Despite evidence that engaging in physical activity on a regular basis decreases the risk and severity of many chronic illnesses and disabilities, fewer than 20% of adults in the United States meet federal guidelines for aerobic and strengthening physical activities (Center for Disease Control and Prevention, 2013). Walking is reported as the most frequently engaged in physical activity (Berrigan et al., 2012). Its popularity, simplicity, accessibility, and inclusivity have made it a public health priority. One promising but potentially underutilized resource for walking is shopping malls. While mall walking is an excellent promotion strategy, additional evaluation is needed to identify and summarize implementation processes and effectiveness as a basis for dissemination. The long-term goal of the proposed project is to develop an in-depth understanding of mall walking programs as a basis for informing communities and management of shopping malls about successful program elements. In pursuit of this goal, the objectives of the proposed project are to evaluate the effectiveness of mall walking programs, to identify and summarize evidence related to the successful components of effective mall walking programs, to develop an evidence and practice-based Mall Walking Program Resource Guide with recommendations for applying a health equity lens, and to identify how the guide can support national prevention and walking promotion strategies. A logic model developed for this project, integrating the reach effectiveness adoption implementation maintenance (RE-AIM) framework, will be used to guide and evaluate inputs, activities, outputs, outcomes, and overarching goals associated with project objectives. We will accomplish our objectives by a) conducting a systematic review of state-of-the-art evidence, practices, and cost using data from web sites and literature (scientific and grey) answering questions about state of the art evidence, practices and cost of mall walking programs as a basis for analyzing their translatability;b) conducting a multiple case study evaluating mall walking programs and related processes answering questions about which mall walking program components work (and do not work);are beneficial, why and for whom;about how programs (or alternatives) reach intergenerational and diverse groups;and lessons learned;and c) summarizing and disseminating successful components of effective mall walking programs through a publishable paper, a Mall Walking Program Resource Guide, and networking with national prevention strategies / programs that promote walking to improve health and quality of life. Our approach is innovative as it brings together recommended processes and standards for program evaluation (US Department of Health and Human Services, 2002) with the RE-AIM framework, whereby practice effects, details, and the voice of program stakeholders will be captured to foster translation of effective programs across multiple real world settings. Our project is significant as it will inform end users how to plan, implement, and sustain a successful mall walking program;a promising but underutilized resource for physical activity.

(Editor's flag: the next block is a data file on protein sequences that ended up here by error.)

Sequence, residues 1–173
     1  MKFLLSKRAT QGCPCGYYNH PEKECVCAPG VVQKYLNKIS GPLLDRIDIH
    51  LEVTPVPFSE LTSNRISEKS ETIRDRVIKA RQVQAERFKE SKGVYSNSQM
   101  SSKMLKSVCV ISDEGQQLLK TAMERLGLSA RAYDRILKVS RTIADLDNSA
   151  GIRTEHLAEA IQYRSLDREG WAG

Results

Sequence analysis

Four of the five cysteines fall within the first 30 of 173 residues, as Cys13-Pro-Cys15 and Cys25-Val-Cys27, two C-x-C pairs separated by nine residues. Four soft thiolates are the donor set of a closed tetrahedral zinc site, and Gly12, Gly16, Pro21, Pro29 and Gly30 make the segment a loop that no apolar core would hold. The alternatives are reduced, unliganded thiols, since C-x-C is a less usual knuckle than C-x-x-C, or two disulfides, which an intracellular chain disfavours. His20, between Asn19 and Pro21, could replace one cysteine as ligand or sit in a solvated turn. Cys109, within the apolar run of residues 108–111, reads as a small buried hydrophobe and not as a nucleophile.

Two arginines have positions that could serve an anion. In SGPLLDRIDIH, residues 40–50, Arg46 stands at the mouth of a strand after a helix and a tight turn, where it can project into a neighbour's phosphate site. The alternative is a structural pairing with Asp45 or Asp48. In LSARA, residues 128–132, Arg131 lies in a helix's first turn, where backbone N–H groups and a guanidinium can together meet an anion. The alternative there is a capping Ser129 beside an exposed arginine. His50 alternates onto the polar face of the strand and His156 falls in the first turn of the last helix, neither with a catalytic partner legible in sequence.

The proposed project is relevant to public health because the evaluation of mall walking programs is expected to facilitate dissemination of information about best evidence and practices of effective programs, thereby supporting Healthy People 2020 goals of increasing physical activity and reducing disability. The proposed project is relevant to the CDC's mission of protecting the health of people and communities through collaborations that create expertise, information, and tools to promote health and prevent disease, injury, and disability.
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